A homage to steampunk: The 35th annual Vancouver sci-fi and fantasy convention
Culture / October 13, 2010
By Jared Vaillancourt
[creative writing bureau chief]
From Alchemy to Zeppelins was the theme of this year’s Science Fiction and Fantasy convention, which took place in Richmond from Oct. 1-3. The convention was all about the little known genre of a special kind of science fiction: Steampunk.
For those of you who don’t know, Steampunk is Victorian-era science fiction. More eloquently, this means that Steampunk is the area of science fiction that tries to answer the question; what would have happened if the steam engine continued to be developed and the gasoline engine failed to ever make it off the drawing board? Most Steampunk epics are alternative history explorations that follow fantastical gadgets pioneered by eccentric victorian characters that often get into fascinating socio-technological adventures.
“Steampunk needs historical accuracy like a dirigible needs a goldfish,” says Diana Vick, a visiting Steampunk enthusiast who also runs Steam-Con down in Seattle. Even
though most Steampunk works are set in the 1800s and early 1900s, it’s all about the adventure of the Victorian high technology and the people who work tirelessly to develop it.
“If you’re not having fun, you’re doing it wrong,” is the motto of the VCON, which was reinforced by esteemed Steampunk author of Dreadnought, Cherie Priest.
The convention is run by the fans for the fans. At a glance, it’s clear that the hundreds who gathered at the convention knew what they were doing. From the art gallery to the seminars, from the book readings to the dealer’s floor, there was a distinct and palpable atmosphere of kinship and excitement that made it impossible not to have fun this weekend.
Scientists associated with NASA came up to enjoy the convention, including Eric Choi, who co-edited and wrote the short story, The Son of Heaven for the Chinese-
Canadian sci-fi anthology The Dragon and The Stars. The accomplished engineer, who works for an electronic company that makes products for NASA, created an alternate historical tale in The Son of Heaven. The story is about a famous Chinese rocket scientist who gets caught up in American anti-communist hysteria in the 1950s.
In addition to authors, sci-fi artists were prevalent at the convention. From the eccentric and brilliant James Beveridge, whose fantasy pieces netted a handsome sum during the auction; to the reserved and comical Lynne Fahnestalk, whose creates pictures with hilarious play-on-words and silly juxtapositions. Fear no art! proclaimsFahnestalk, whose pieces include Toad-al Eclipse, which features robed toads praying to a blackened sun.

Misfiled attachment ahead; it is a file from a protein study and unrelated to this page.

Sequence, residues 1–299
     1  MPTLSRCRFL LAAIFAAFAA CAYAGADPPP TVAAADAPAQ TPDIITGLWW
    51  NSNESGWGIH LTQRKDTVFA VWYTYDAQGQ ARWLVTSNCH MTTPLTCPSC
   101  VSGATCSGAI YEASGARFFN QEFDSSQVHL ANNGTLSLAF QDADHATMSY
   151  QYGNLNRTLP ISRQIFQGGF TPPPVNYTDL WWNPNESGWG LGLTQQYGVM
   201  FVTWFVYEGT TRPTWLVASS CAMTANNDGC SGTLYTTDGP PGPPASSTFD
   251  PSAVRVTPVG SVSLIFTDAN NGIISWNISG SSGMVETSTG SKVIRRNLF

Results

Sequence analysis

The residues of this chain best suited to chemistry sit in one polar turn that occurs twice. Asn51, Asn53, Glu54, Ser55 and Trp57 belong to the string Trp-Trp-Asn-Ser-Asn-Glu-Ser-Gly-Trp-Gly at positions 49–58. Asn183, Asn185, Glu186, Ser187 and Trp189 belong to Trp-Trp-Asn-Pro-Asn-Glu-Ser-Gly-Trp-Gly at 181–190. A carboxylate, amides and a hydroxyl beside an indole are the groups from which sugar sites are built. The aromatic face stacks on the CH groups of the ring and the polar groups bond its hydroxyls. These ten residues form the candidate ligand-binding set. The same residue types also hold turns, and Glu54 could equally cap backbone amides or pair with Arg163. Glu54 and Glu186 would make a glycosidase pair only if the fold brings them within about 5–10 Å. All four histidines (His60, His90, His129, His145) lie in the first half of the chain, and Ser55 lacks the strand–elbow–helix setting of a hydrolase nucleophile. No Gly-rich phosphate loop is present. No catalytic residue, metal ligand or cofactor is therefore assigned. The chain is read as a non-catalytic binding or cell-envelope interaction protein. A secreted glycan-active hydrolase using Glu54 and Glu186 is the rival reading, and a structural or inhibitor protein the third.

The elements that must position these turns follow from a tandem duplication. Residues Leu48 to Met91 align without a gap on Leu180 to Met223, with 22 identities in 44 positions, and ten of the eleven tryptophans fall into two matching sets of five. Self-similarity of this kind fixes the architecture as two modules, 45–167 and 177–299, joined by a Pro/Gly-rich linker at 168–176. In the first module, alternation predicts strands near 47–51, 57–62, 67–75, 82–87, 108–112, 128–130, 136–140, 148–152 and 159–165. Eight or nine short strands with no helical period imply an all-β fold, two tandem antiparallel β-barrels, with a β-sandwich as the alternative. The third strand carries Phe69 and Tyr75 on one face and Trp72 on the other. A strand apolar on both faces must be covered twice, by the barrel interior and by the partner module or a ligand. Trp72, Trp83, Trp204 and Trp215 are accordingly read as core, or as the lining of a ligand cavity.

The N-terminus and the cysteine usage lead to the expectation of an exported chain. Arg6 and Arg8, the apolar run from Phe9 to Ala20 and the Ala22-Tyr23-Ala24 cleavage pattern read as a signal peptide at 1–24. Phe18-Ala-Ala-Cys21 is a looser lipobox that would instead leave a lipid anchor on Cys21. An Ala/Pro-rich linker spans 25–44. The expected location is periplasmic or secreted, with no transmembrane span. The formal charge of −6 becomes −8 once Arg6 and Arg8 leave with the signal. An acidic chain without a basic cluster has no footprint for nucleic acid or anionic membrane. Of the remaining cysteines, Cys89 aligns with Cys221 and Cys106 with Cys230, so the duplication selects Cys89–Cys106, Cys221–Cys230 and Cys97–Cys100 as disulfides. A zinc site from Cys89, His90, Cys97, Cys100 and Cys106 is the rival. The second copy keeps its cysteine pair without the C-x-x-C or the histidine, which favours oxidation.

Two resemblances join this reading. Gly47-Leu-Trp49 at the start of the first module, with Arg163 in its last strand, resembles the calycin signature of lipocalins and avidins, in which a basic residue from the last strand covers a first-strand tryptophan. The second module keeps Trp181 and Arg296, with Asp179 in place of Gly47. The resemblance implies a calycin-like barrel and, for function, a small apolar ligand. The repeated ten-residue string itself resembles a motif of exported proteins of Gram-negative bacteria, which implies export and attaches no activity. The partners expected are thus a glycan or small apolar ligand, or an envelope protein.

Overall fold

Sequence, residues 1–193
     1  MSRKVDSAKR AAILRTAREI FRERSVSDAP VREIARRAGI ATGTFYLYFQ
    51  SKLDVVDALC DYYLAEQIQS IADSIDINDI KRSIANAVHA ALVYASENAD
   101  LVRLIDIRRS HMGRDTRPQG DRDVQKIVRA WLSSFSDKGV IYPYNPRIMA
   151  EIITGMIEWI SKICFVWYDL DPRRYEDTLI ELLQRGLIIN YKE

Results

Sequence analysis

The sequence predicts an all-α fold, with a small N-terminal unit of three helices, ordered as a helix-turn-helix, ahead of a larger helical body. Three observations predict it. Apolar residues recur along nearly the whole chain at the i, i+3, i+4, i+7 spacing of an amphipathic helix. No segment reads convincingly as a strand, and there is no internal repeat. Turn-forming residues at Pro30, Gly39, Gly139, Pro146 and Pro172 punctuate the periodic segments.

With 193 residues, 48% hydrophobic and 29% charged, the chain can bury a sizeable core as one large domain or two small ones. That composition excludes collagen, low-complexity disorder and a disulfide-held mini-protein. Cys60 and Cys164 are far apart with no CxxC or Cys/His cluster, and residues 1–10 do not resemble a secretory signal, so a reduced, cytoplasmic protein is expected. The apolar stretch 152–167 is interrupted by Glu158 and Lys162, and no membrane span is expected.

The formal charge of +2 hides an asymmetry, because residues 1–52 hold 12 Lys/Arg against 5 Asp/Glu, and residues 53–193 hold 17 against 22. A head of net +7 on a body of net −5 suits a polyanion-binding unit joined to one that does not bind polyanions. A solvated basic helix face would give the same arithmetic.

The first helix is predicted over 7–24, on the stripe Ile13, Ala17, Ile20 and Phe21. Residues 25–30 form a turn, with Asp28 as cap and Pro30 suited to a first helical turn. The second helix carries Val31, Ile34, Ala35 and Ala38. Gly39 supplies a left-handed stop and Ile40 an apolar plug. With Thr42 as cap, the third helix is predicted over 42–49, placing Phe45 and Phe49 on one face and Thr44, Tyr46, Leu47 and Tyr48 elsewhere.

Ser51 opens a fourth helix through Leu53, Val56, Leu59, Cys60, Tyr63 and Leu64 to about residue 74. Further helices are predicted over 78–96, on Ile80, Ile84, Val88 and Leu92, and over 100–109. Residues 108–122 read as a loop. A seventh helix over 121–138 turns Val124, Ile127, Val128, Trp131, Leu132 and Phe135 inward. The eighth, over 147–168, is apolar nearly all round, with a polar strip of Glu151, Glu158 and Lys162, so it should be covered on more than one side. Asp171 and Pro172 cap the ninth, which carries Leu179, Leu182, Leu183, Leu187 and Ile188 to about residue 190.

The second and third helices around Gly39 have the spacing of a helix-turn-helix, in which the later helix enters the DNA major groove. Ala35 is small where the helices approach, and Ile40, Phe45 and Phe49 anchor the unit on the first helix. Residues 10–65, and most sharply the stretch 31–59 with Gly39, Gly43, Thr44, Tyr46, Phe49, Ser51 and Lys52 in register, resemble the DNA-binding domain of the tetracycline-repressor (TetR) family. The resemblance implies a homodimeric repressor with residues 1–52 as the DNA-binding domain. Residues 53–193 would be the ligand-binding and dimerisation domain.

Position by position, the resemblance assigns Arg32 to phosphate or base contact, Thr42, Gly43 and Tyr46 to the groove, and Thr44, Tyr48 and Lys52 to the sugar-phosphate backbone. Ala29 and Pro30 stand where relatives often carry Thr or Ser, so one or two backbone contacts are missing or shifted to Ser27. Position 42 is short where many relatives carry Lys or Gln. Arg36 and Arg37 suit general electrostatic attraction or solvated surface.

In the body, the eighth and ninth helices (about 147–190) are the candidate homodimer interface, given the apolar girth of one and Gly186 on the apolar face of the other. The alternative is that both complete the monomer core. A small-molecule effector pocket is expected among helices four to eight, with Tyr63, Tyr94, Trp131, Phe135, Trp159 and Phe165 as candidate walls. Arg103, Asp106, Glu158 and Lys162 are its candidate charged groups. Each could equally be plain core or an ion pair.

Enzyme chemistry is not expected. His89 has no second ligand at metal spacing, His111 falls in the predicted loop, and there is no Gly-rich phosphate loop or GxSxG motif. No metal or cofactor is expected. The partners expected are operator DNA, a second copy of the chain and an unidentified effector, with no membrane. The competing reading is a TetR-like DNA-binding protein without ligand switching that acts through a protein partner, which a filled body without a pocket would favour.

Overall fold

VCON was about more than just Steampunk. Members of the 501st Legion, a group of Star Wars fans equipped with realistic and painstakingly produced Stormtrooper armor, were also present to promote their charity events, and of course, possibly recruit. If you received an Imperial Citation, don’t worry – there’s no fine so long as you pledge your loyalty to the Emperor!
“Quotes are so pretentious!” Danielle Stephens, the chair of VCON for the fourth year, says with a smirk. Her attitude is spot on the money – the VCON is about celebrating things that are not of this world, and pretentiousness does not fit in. Science fiction has never been about what could be, but about what could be imagined, and VCON is the place where all these visions come together and reach out to the minds of others. Steampunk is an excellent example of this ideology, which is why Danielle personally chose it as this year’s theme.
“We’re all modern dreamers,” says Heather Dale, a traveling musician and songwriter. Music is an important part of the celebration, and Dale’s self-titled filk, science fiction folk music, band were special guests at VCON’s Friday concert. After 17 years of performances all around North America and Europe, her band still manages to capture the spirit and energy that was prevalent this weekend.
The convention attracted the stars themselves. Science fiction veteran actor Robert Picardo arrived on Sunday for an impromptu seminar and autograph signing. Picardo is famous for his role as the Doctor on Star Trek: Voyager, and more recently for his role as Richard Woolsey in the Stargate series. Even though the sci-fi legend couldn’t stay for long, he did manage to let loose a few anecdotes, which recounted the glory of his long career. A lucky few even got to hear his own filk music as well as an autograph signing.
Some rising stars were also present at VCON. Soon to be big names, such as actor Danielle Golden and writer Alyssa Ciccarelli, had booths where fans and aficionados could sample their newest media.
Ciccarelli, who co-wrote an episode of the upcoming web-series Riese, spoke about the premise of the series, which follows a young girl who is on the run from a religious troop. Filmed right here in Vancouver, it includes some big names from the science fiction community.
Golden, who is at VCON for the first time, acts in the sci-fi channel hopeful Border Guardians of Ackernon, where she plays the role of a bold warrior-assassin who finds herself custodian over a group of campers transported from our modern realm to her medieval one. While not a part of the TV guide yet, the series’ debut at VCON was sure to have perked some higher authority’s interest.